Canadian Forest Service Publications

Impact of global change and forest management on carbon sequestration in northern forested peatlands. 2005. Lavoie, M.; Paré, D.; Bergeron, Y. Environ. Rev. 13:199–240.

Year: 2005

Available from: Laurentian Forestry Centre

Catalog ID: 33473

Language: English

CFS Availability: PDF (request by e-mail)

Available from the Journal's Web site.
DOI: 10.1139/A05-014

† This site may require a fee.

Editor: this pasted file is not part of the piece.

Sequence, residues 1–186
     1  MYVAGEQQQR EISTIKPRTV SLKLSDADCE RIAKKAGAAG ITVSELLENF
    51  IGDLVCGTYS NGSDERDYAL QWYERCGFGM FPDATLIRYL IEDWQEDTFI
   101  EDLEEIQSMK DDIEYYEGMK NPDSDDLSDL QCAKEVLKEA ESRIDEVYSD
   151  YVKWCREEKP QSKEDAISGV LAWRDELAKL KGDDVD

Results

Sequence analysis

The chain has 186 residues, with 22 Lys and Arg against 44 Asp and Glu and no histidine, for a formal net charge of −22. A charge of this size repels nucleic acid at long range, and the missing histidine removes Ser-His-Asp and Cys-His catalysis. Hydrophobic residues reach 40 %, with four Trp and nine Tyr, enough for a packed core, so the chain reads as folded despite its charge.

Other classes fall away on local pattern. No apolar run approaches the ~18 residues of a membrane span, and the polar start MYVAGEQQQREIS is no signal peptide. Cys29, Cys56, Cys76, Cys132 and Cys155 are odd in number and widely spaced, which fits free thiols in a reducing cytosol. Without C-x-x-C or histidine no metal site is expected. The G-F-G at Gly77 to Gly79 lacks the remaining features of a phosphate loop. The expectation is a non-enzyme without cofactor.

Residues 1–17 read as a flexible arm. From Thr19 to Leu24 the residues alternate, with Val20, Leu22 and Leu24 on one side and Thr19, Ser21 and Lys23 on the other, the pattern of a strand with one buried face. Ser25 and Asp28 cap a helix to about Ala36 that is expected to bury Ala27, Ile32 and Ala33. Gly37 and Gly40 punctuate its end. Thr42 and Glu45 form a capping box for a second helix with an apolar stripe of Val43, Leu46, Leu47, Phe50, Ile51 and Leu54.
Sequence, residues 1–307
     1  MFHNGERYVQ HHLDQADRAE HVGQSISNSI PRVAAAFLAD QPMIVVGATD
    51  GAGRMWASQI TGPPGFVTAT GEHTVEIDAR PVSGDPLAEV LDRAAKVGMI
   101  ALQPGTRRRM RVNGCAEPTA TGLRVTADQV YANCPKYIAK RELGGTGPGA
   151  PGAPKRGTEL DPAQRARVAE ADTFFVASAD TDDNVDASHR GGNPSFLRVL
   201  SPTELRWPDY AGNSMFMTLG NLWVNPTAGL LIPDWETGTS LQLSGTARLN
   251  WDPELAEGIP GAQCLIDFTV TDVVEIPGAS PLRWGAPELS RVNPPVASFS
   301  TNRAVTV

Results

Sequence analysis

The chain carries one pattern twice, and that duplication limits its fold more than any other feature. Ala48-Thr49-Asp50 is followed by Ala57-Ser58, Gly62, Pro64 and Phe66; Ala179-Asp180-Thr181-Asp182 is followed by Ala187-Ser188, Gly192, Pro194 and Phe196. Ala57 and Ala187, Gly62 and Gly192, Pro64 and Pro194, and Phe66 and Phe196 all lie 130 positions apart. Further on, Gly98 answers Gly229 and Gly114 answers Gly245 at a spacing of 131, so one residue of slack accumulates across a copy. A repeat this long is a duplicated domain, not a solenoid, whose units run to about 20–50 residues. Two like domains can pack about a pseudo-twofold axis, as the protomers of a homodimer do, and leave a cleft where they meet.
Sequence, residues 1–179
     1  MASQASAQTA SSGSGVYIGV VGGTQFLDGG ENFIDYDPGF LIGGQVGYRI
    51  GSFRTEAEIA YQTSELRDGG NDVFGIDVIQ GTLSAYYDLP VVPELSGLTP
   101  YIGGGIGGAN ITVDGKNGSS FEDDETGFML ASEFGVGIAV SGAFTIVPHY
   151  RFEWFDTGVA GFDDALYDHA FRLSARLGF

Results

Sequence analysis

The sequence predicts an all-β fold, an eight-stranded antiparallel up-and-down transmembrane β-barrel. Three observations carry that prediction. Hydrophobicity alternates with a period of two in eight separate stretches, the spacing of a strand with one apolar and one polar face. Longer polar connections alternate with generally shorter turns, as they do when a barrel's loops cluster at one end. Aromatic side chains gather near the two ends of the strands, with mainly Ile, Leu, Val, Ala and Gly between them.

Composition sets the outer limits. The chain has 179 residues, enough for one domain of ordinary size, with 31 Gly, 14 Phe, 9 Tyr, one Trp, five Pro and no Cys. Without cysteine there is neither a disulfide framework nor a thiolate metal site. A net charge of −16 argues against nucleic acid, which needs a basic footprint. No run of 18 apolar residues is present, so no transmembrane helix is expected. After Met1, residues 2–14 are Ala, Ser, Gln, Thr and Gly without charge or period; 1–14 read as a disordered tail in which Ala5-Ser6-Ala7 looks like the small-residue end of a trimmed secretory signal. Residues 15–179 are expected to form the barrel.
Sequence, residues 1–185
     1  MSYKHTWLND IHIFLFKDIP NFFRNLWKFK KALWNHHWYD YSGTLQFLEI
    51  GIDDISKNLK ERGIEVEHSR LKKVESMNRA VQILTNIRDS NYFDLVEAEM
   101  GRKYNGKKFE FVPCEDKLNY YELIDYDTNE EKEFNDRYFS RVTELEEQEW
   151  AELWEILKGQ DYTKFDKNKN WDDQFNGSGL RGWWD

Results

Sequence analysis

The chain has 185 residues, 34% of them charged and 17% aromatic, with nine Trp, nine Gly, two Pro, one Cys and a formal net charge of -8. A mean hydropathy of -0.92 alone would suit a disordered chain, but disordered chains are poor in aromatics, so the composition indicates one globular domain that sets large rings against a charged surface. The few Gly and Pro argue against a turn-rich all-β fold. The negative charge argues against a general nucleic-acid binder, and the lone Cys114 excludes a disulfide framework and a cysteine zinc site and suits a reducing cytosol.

Northern peatlands occupy approximately 4% of the global land surface and store about 30% of the global soil carbon (C). A compilation of C accumulation rates in northern peatlands indicated a long-term average rate of C accumulation of 24.1 g m-2 year-1. However, several studies have indicated that on a short-time scale and given the proper conditions, these ecosystems can exhibit very high rates of C accumulation (up to 425 g m-2 year-1). Peatland development is related to precipitation and temperature, and climate change is expected to have an important impact on the C balance of this ecosystem. Given the expected climate change, we suggest that most of the northern forested peatlands located in areas where precipitation is expected to increase (eastern Canada, Alaska, FSU, and Fennoscandia) will continue to act as a C sink in the future. In contrast, forested peatlands of western and central Canada, where precipitation is predicted to decrease, should have a reduction in their C sequestration rates and (or) could become a C source. These trends could be affected by forest management in forested peatlands and by changes in fire cycles. Careful logging, as opposed to wildfire, will facilitate C sequestration in forested peatlands and boreal forest stands prone to paludification while silvicultural treatments (e.g., drainage, site preparation) recommended to increase site productivity will enhance C losses from the soil, but this loss could be compensated by an increase in C storage in tree biomass.

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